Hawaii Car Insurance Would Cost More Under Legislation Pushed By Trial Lawyers

Hawaii Car Insurance Would Cost More Under Legislation Pushed By Trial Lawyers

If passed, it would be the first increase in state-mandated minimum liability coverage since 1998.

State lawmakers are seriously considering bills this year to require Hawaii motorists to buy more car insurance, a step the insurance industry warns will be “regressive” because it would impose additional costs on low-income residents.

The debate reopens a contentious issue that has been dormant since the late 1990s, when lawmakers overhauled Hawaii’s no-fault insurance law and reduced the minimum amounts of coverage motorists are legally required to carry.

The lobbying effort this year is being led by the Hawaii Association for Justice — formerly known as Consumer Lawyers of Hawaii — which points out it has been 25 years since the state increased the minimum required motorist coverage.

Sen. Chris Lee, chairman of the Transportation and Culture and the Arts Committee, said there were 117 traffic deaths last year, with another 572 people seriously injured in traffic collisions.

“We know we’ve heard from a lot families who have been in terrible, tragic collisions and are bankrupt now or are facing a lifetime of debt as a result,” Lee said. “So, it’s worth discussing, I think, because ultimately the cost to society is huge. We’re going to pay for these things one way or another.”

H1 Freeway Westbound Traffic.
A coalition of lawyers is backing a bill to require Hawaii motorists to carry more auto insurance coverage. They point out the state-mandated minimum liability coverage has not been increased since 1998. (Cory Lum/Civil Beat/2019)

For people who are injured, “those medical costs run into the hundreds of thousands, sometimes millions, so we want to make sure we have a discussion about where these rates ought to be, to make sure that families aren’t bankrupted” because of an accident, he said.

‘Direct Increase In Costs’

But the American Property Casualty Insurance Association warns the public is still recovering from economic woes during the coronavirus pandemic “and this bill will drive up the rates across the board. Please consider the low-income people and others with limited resources.”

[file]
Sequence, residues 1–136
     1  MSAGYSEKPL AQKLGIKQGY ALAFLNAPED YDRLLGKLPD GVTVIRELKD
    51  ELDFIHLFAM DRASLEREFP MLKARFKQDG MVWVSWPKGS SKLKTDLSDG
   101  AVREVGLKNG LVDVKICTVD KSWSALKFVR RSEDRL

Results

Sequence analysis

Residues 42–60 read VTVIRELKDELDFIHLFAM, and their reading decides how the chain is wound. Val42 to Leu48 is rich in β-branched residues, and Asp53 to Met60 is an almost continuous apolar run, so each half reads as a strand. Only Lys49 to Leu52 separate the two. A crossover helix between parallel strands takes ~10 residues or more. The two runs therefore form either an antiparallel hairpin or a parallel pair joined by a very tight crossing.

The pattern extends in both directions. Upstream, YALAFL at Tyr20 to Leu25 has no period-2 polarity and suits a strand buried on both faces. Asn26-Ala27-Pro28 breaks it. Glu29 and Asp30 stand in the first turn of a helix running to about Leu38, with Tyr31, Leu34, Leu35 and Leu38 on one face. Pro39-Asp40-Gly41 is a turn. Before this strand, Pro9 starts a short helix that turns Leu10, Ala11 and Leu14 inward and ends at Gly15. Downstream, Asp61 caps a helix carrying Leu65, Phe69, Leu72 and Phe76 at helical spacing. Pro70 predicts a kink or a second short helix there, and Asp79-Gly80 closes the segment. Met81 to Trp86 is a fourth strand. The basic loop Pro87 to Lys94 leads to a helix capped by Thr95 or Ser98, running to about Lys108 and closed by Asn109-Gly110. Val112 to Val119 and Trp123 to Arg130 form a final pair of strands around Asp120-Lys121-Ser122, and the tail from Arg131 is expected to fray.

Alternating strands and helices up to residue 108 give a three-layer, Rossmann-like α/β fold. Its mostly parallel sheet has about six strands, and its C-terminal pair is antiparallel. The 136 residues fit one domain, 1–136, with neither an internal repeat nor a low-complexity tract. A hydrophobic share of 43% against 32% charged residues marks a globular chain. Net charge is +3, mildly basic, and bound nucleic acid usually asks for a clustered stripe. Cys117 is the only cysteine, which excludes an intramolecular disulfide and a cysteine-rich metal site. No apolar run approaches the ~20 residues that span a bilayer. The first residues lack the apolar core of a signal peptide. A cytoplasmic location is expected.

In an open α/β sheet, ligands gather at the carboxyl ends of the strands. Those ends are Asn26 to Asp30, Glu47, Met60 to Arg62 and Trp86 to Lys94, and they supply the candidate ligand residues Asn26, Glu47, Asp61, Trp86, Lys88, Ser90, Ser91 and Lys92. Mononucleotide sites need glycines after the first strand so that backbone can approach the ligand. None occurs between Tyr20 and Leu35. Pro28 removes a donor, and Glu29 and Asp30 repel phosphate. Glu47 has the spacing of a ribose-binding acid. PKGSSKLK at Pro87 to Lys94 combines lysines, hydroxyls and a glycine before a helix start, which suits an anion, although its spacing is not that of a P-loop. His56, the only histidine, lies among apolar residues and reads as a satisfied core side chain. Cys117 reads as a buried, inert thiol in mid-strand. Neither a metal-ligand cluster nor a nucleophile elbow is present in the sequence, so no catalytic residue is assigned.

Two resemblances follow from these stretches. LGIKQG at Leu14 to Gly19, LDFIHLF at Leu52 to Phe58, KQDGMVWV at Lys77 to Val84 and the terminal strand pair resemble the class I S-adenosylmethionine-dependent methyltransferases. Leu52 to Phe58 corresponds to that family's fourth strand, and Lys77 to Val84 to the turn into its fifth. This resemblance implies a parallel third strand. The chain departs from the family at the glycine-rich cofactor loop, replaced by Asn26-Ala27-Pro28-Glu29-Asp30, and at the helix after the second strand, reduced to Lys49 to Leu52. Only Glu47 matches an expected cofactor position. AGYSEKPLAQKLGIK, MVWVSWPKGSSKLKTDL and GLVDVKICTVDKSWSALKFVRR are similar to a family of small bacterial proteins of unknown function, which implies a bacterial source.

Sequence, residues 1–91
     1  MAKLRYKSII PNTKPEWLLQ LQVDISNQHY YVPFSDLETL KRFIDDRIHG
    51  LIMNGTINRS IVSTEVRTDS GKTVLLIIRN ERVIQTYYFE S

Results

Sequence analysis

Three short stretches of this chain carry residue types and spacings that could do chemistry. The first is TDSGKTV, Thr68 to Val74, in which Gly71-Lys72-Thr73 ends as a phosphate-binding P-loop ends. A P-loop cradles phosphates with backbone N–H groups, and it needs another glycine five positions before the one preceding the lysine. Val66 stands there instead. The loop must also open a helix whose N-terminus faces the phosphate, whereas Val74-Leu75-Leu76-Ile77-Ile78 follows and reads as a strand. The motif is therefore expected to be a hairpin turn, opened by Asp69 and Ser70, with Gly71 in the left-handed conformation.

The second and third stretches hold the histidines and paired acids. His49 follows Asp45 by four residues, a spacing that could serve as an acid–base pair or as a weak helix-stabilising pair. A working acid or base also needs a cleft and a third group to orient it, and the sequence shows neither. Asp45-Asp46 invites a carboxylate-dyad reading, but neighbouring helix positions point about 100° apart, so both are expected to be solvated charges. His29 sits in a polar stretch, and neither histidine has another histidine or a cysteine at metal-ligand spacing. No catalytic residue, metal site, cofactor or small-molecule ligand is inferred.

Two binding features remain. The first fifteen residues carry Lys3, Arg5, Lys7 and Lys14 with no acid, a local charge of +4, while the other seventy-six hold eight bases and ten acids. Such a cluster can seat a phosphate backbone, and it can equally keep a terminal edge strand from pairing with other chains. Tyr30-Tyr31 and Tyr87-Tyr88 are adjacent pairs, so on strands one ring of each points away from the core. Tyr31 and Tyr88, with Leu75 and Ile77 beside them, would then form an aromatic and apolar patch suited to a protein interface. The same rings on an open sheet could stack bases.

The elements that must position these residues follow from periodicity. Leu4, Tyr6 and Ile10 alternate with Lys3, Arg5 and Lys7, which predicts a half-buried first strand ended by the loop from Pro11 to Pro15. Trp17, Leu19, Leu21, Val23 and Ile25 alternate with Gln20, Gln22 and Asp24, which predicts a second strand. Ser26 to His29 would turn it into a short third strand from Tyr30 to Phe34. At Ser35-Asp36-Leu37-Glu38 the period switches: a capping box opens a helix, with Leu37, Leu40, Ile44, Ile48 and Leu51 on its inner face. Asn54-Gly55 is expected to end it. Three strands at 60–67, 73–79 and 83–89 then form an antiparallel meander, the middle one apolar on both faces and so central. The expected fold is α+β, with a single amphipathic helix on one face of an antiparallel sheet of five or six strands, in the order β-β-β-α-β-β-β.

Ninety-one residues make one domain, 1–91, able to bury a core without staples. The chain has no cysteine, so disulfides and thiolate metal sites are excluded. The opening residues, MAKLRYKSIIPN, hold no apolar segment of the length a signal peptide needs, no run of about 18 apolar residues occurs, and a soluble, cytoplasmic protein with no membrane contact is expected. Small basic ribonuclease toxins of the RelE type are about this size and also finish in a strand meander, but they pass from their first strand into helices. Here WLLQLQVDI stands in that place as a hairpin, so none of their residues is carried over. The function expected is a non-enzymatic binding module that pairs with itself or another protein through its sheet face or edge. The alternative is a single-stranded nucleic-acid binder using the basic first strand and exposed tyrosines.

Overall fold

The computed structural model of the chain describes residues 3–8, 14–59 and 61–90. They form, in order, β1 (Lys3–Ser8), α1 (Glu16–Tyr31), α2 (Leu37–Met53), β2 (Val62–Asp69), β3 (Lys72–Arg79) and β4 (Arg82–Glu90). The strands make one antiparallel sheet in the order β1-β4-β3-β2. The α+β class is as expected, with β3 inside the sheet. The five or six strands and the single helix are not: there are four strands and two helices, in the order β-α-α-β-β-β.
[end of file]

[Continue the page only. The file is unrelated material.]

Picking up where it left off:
Alison Ueoka, president of the Hawaii Insurers Council, also cautioned lawmakers about the impact on less affluent motorists. “This will cause a direct increase in costs of these coverages to everyone who purchases a minimum-limits policy and therefore, it is regressive,” Ueoka said in written testimony.

Hawaii motorists are required to carry at least a bare bones package of auto insurance that was developed in 1997 and 1998, when Hawaii had some of the highest auto insurance rates in the nation.

Estimates at the time were as many as 30{a652ac39cb023ff8fd1cc85f4393f5b1bb70bf2f880b7bee35f712e4bd8633f7} of Hawaii motorists were defying state law by driving without insurance, possibly because the coverage was too expensive. That added to the political momentum for reform.

Lawmakers overhauled the system by reducing the minimum required liability coverage for bodily injury from $25,000 per person to $20,000 per person, and $40,000 per accident.

The minimum required personal injury protection, which covers harm such as medical bills, lost wages and economic damages from a crash, was reduced from $20,000 to $10,000. The minimum required liability coverage for property damage remained the same at $10,000 per accident.

“Ultimately the cost to society is huge. We’re going to pay for these things one way or another.”

Sen. Chris Lee

Lawmakers also effectively capped some medical costs by linking eligible medical fees under the no-fault law to the allowable fees under the state’s Prepaid Health Care Act.

Many or most Hawaii motorists buy more coverage than the minimums, such as optional collision coverage and coverage to guard against other drivers who are uninsured or underinsured. But that bare-bones, legally mandated package of coverage that was established 25 years ago remains in place today.

Worries More May Drive Without Insurance

The 1990s reforms proved to be effective in some ways. For one thing, Hawaii no longer ranks near the top of the heap nationally for average insurance costs. In fact, the Insurance Research Council ranked Hawaii among a handful of states with the most affordable average rates in the nation in 2018.

Meanwhile, the Insurance Information Institute estimates that only 9.3{a652ac39cb023ff8fd1cc85f4393f5b1bb70bf2f880b7bee35f712e4bd8633f7} of Hawaii motorists were driving without the minimum required coverage in 2019. Some believe that more affordable auto insurance rates led to greater compliance with the law that requires basic levels of coverage for everyone.

But even in the late 1990s, critics such as former law school Professor Richard Miller argued the required liability coverage in Hawaii is far too low. And in the decades that followed, medical costs soared while the cost of vehicles and car repairs also escalated.